You may know someone who has Tardive Dyskinesia (TD) pronounced: (Tar-Div-Dis -Ka-Knee-Ja), or you have seen someone out in public who has these uncontrollable jerky body movements.
What is Tardive Dyskinesia? It is a neurological movement disorder, and can occur in 20% of people who have taken antipsychotic pharmaceutical drugs for bi-polar disorder or schizophrenia. Women, and especially post-menopausal women, are more likely to develop TD. It was a medical opinion that once these involuntary movements occur, they are irreversible even after discontinuing the antipsychotic meds. Recently, two meds have been approved by the FDA to treat Tardive Dyskinesia.
The cause of TD is due to the blocking of dopamine in the brain from taking the prescribed antipsychotic medications. Dopamine is responsible for the smooth movements of muscles. When dopamine levels decrease, then the result is involuntary, repetitive and jerky movements, spasms, and tics. These movements can also be seen in Tourette’s syndrome and Parkinson’s disease, which are also neurological diseases resulting from low dopamine levels. Sometimes meds given to treat Parkinson’s are also used to treat TD.
What’s in a name? Tardive comes from the same origin of the word tardy, meaning late, because the symptoms arise or show up late after the drug has been used over time or even discontinued. Dyskinesia has its Greek origin meaning difficulty moving.
Using Cannabis and CBD can help with quieting the involuntary movements seen in Tardive Dyskinesia, as it does with Tourette’s and Parkinson’s. The main endocannabinoid THC found in cannabis can increase dopamine levels in the brain, although more research with humans needs to be obtained (as stated on the Marijuana Doctors website, www.marijuanadoctors.com).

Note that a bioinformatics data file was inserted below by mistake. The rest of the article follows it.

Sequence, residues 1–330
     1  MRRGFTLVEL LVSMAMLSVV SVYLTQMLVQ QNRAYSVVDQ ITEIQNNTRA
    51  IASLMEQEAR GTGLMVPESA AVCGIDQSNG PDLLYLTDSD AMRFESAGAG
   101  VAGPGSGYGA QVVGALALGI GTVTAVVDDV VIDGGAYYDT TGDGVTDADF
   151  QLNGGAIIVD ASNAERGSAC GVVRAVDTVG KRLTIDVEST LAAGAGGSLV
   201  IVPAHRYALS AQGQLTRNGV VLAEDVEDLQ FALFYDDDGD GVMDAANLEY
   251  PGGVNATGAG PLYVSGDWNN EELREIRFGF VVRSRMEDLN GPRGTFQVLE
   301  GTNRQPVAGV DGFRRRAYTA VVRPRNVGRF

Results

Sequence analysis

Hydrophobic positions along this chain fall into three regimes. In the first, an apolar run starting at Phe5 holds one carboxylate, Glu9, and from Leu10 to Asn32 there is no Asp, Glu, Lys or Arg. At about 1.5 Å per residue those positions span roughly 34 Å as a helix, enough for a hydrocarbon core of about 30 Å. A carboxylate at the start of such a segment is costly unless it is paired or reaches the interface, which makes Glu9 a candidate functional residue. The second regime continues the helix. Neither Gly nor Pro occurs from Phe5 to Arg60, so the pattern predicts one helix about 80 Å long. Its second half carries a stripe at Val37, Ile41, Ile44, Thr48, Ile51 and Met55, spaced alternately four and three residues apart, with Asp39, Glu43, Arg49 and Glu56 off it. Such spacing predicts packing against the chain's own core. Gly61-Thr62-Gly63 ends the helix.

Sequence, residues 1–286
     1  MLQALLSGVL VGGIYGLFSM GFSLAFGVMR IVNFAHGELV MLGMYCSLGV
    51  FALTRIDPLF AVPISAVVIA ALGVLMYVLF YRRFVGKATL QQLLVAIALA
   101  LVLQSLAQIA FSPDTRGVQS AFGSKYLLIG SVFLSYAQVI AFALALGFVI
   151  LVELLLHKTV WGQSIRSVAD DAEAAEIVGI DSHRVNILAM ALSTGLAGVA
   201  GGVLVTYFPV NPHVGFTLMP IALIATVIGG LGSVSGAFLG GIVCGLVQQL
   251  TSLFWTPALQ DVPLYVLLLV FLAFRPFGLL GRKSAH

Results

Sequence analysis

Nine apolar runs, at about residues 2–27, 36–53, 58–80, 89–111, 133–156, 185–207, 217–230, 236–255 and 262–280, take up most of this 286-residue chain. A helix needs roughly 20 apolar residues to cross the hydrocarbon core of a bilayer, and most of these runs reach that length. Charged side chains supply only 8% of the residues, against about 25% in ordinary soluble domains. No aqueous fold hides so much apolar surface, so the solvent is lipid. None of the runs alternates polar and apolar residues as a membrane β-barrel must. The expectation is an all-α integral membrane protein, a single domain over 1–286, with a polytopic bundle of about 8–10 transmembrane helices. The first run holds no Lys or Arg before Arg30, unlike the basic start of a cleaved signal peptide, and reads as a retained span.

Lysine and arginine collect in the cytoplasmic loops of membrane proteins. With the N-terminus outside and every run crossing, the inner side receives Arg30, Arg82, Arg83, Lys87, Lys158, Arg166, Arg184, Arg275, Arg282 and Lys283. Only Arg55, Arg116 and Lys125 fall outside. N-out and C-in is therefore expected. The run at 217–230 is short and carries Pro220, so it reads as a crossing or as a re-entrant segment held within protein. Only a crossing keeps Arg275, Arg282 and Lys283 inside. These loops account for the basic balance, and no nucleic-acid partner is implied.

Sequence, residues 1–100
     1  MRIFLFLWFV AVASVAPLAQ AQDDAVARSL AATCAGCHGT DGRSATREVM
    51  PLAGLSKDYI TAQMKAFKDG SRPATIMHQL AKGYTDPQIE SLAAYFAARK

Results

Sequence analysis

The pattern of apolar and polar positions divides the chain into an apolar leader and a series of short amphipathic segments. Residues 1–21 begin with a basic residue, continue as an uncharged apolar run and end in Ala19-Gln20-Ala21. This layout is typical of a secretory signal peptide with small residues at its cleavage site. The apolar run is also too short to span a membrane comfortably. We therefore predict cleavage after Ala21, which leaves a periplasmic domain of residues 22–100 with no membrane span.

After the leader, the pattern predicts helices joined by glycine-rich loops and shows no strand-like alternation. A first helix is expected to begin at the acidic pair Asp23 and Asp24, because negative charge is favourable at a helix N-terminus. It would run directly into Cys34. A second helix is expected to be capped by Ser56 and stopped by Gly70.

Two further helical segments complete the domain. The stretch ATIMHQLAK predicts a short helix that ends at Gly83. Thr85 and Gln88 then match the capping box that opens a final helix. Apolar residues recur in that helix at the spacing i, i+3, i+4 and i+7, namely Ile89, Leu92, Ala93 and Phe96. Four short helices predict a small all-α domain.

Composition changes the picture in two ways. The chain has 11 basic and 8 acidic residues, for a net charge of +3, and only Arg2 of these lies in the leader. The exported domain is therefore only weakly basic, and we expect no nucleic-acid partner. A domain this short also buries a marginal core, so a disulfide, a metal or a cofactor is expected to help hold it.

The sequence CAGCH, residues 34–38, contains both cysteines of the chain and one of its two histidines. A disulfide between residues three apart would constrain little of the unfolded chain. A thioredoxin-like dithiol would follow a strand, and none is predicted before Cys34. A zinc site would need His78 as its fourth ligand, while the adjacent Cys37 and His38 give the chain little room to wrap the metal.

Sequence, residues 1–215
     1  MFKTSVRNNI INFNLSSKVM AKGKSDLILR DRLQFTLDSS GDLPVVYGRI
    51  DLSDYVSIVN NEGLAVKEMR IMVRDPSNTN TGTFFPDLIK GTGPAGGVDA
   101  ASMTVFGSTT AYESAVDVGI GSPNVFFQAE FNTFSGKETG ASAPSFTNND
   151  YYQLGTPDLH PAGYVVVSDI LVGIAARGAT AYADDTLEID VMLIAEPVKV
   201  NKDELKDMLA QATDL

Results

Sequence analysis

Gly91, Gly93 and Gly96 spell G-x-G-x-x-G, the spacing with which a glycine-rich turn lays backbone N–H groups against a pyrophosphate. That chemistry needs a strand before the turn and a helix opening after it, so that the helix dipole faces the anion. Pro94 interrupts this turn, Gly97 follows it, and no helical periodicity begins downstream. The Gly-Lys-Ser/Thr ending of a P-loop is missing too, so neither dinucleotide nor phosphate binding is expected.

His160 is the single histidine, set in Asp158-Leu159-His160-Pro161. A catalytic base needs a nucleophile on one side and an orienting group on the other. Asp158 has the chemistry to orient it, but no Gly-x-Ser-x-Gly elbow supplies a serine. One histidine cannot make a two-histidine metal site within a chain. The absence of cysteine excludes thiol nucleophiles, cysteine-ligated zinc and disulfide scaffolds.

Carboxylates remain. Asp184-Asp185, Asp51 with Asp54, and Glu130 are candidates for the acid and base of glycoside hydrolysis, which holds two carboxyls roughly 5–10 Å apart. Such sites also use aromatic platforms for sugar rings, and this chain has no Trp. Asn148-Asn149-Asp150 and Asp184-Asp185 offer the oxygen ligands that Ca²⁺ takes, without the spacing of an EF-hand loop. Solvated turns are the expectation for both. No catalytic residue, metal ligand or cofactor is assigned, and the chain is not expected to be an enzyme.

A Cleveland Clinic neurologist, Hubert Fernandez, MD, made a statement saying the first wave of Tardive Dyskinesia diagnosis occurred in the 1970s and 1980s during the “first generation” trend of antipsychotic drugs. Then, in the late 1990s and early 2000s, the “second generation” of antipsychotic drugs became available during the progression of pharmacology.
Older neuroleptic medications are called “typical” or first-generation neuroleptics, and are most likely to lead to TD. These medications can cause TD in a little over 32 percent of the individuals who use them long-term.
Neuroleptic medications in the First-generation medications include:
● Fluphenazine (Prolixin)
● Chlorpromazine (Thorazine)
● Perphenazine (Trilafon)
● Haloperidol (Haldol)
Common second generation neuroleptic medications include:
● Olanzapine (Zyprexa)
● Risperidone (Perseris)
● Paliperidone (Invega Sustenna)
● Quetiapine (Seroquel)
● Lurasidone (Latuda)
● Aripiprazole (Abilify)
THC found in cannabis can increase dopamine levels due to the endocannabinoid system and specifically the CB1 receptors. The following Cannabis strain options can help with TD symptoms:
● Cherry Grapefruit
● Kobain Kush
● Lavender Haze
● Dark Blue Dream
● Dutch Dragon
Some research studies with rodents suggest that low-dose THC, the main endocannabinoid from cannabis, can help increase dopamine levels, while long term use can cause the opposite and reduce dopamine levels. Human research studies about acute and chronic cannabis use and dopamine levels need to be performed for more information to be gathered on the subject.
If you are taking any of the above pharmaceutical medications for a diagnosed mental condition, then do not discontinue the meds based on a possibility of getting TD. It is always best to have a conversation with your doctor who prescribes your meds about any concerns, and to gain knowledge for yourself about Tardive Dyskinesia or any other medical condition you may have.
Natural Ways to Increase Dopamine Levels
● Get adequate Sleep
● Spend time in nature with your feet touching the Earth
● Reduce stress
● Limit consuming Sugar
● Do Yoga Nidra (check out yoga nidra videos on YouTube or join a live yoga nidra class)